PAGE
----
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The kingdom of heaven is like unto a certain king, which made a marriage for his son.

Several times Jesus got tested. The Pharisees loved to tempt him to give the wrong answers or to give them something to show that he was not a real rebbe or master rabbi, not having enough knowledge of Scriptures.

Jesus answered the Pharisees and Sadducees by going on with his ministry as it happened more, speaking again by parables. They came to him with quibbles, he replied by parables. Though the Pharisees perceived that he spoke of them, it did not stop them to attack him further. Their partly concealed anger was all the greater because, through fear of the multitude, they could not yet lay hands on Jesus, and put him to death. They had wilfully closed their eyes to the light, set it continued to shine upon them.

When we look at the Parable of the King and the marriage of His son, we should see that it is all about Jehovah God and the bridegroom, Jehovah’s son, Jesus Christ. This parable must be distinguished from the one recorded in Luke 14:16-24, which was spoken on another occasion, and with a different object. It would be worth while to compare the two parables, and to note their resemblances and their differences.

In this parable we have the Great King, or King of glory celebrate the union of his Son with our humanity. The divine Son of God, as the Son of David,is the central figure of the feast presented by the King, Who first of all invited His Own People. But we come to hear that many of them who were invited were unwilling to come. That is also what we clearly can see what happened with the People of Israel, today many living in the darkness, and lots of Jews even not believing any more in God.

As it was long ago said by a Spartan, that the Athenians knew what was right, but did not choose to practice it; so Christ now brings it as a reproach against the Jews, that they gave utterance to beautiful expressions about the kingdom of God, but, when God kindly and gently invited them, they rejected His grace with disdain. There is no room to doubt that the discourse is expressly levelled against the Jews.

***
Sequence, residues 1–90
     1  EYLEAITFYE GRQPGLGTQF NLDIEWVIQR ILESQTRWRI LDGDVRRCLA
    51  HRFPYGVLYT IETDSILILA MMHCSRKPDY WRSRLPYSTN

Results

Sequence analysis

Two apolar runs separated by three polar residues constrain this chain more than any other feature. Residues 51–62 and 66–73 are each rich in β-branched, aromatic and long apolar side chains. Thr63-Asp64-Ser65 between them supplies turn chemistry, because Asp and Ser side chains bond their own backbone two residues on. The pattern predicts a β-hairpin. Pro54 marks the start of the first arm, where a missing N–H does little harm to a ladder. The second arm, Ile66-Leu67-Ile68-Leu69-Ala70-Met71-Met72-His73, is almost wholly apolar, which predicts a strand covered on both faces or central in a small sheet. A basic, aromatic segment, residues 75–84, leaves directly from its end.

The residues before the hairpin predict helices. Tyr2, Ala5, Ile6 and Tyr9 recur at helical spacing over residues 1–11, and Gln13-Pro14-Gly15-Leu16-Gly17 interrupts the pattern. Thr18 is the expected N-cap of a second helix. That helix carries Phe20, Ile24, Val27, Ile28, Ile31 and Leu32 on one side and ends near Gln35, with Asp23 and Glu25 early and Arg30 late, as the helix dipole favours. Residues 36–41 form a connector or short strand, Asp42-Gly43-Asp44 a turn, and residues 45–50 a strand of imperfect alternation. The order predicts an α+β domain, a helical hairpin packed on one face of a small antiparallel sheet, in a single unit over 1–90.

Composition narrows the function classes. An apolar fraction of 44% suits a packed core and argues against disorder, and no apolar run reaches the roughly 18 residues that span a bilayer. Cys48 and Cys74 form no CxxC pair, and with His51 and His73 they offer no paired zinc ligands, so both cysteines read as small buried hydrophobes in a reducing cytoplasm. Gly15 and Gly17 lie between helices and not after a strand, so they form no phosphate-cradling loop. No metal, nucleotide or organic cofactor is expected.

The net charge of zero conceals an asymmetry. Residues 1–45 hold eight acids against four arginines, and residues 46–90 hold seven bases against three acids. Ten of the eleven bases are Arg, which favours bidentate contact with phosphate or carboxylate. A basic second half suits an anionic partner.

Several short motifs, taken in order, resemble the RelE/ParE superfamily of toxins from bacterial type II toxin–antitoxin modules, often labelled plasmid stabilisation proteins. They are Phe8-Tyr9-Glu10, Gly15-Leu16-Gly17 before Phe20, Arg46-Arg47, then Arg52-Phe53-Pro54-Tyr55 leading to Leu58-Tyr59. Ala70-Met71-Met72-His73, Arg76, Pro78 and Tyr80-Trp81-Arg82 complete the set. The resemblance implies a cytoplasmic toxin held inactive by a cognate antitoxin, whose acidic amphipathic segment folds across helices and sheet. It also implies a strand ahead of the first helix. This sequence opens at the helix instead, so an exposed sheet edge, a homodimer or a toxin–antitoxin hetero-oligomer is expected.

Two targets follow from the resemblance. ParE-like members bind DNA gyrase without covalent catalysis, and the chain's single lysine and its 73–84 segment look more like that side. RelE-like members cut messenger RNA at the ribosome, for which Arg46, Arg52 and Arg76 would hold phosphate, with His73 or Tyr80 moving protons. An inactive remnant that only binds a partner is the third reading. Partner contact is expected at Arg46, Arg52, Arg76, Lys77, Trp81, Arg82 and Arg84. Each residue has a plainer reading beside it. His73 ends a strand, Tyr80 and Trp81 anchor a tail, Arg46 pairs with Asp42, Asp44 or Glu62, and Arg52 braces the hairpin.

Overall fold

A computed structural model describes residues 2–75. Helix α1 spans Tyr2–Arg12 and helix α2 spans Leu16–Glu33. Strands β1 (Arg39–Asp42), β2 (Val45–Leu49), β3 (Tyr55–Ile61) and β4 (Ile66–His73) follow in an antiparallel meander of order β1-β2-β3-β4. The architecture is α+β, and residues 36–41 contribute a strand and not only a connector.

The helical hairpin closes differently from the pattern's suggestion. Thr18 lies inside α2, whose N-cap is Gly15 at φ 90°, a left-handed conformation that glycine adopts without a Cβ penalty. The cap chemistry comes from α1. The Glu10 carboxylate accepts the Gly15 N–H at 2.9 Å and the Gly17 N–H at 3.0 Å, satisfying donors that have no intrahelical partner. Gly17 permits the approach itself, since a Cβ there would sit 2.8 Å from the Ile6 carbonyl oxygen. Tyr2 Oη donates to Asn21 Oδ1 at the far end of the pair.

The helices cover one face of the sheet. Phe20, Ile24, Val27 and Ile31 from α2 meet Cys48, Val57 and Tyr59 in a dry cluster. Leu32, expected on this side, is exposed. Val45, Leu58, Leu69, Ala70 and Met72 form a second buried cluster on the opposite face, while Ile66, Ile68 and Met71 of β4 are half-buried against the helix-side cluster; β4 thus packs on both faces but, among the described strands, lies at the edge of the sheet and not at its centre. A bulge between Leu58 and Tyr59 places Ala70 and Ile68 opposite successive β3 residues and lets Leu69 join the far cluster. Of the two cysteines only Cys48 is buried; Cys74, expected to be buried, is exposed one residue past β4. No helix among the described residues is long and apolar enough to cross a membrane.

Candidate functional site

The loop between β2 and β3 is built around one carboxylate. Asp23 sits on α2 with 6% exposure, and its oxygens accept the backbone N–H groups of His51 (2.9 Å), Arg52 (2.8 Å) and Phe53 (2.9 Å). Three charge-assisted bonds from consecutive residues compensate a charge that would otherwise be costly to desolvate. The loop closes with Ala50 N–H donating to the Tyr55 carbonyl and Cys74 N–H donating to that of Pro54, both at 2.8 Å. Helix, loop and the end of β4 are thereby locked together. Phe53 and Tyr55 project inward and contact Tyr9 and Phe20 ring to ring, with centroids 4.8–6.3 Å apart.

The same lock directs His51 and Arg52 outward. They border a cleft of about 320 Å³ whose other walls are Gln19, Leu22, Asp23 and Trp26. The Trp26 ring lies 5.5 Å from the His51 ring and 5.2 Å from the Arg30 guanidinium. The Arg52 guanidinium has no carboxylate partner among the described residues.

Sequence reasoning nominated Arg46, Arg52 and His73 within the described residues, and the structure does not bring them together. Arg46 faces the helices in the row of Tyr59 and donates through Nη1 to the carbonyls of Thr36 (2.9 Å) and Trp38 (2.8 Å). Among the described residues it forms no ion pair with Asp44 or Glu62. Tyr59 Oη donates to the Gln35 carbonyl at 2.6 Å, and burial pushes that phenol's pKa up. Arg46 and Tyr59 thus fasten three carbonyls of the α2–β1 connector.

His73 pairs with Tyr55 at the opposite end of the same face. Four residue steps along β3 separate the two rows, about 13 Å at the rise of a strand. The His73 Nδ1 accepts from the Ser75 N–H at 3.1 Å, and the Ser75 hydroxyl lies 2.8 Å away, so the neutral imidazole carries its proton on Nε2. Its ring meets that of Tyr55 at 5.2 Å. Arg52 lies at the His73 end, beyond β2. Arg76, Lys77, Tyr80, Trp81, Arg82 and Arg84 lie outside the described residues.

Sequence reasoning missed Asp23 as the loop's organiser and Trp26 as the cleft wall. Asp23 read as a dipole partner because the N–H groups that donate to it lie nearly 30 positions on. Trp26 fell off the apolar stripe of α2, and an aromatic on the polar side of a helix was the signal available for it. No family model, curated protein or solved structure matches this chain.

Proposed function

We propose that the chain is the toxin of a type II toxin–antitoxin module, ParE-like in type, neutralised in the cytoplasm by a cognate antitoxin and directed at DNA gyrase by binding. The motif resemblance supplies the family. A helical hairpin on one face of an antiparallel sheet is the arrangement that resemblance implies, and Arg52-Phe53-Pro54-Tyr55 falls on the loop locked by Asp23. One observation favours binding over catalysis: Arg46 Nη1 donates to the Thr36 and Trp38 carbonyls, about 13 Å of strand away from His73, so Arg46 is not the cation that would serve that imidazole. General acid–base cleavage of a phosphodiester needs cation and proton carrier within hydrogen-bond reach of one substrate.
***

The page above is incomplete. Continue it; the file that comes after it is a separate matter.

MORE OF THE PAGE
Matthew says that a king made a marriage for his son: Luke only mentions a great supper. The former speaks of many servants, while the latter refers to no more than one servant; the former describes many messages, the latter mentions one only; the former says that some of the servants were abused or slain, the latter speaks only of their being treated with contempt. Lastly, the former relates that a man was cast out, who had gone in to the marriage without a wedding garment, of which Luke makes no mention.

Jehovah God bestowed on the Jews distinguished honour, by providing for them, as it were, a hospitable table; but they despised the honour which had been conferred upon them. The marriage of the King’s son is explained by many commentators to mean, that Christ is the end of the Law (Romans 10:4), and that God had no other design in his covenant, than to make His sent one, the only begotten son of God, the Governor of His people, and to unite the Church to him by the sacred bond of a spiritual marriage.

When Jesus says, that the servants were sent to call those who were invited, these words are intended to point out a double favour which the Jews had received from God; first, in being preferred to other nations; and, secondly, in having their adoption made known to them by the prophets.
The allusion is to a practice customary among men, that those who intended to make a marriage drew up a list of the persons whom they intended to have as guests, and afterwards sent invitations to them by their servants. In like manner, God elected the Jews in preference to others, as if they had been his familiar friends, and afterwards called them by the prophets to partake of the promised redemption, which was, as it were, to feast at a marriage.

We know that all received an offer of the same salvation, of which they were deprived by their ingratitude and malice; for from the commencement, God’s invitation was impiously despised by that people.

The gospel is a glorious festival in honour of that wondrous marriage. It was a grand event, and grandly did the King, propose to celebrate it by a wedding feast of grace. The marriage and the marriage festivities were all arranged by the King, He took such delight in His only-begotten and well-beloved Son, that everything that was for his honour and joy afforded infinite satisfaction to the great Father’s heart. In addition to the son’s equal glory with the Father as Creator, Preserver, and Provider, by his marriage he was to be crowned with fresh honours as Saviour, Redeemer, and Mediator.

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Preceding

Matthew 22:1-6 – The Nazarene’s Commentary: Parable of Invitation to a Marriage

Matthew 22:7-10 – The Nazarene’s Commentary: Invitations after City’s Destruction

Matthew 22:11-13 – The Nazarene’s Commentary: King’s Inspection and Marriage Garments

Matthew 22:14 – The Nazarene’s Commentary: Many Invited – Few Chosen

Matthew 22:15-22 – The Nazarene’s Commentary: Caesar’s Things and God’s Things

Matthew 22:23-28 – The Nazarene’s Commentary: Sadducees Question on the Resurrection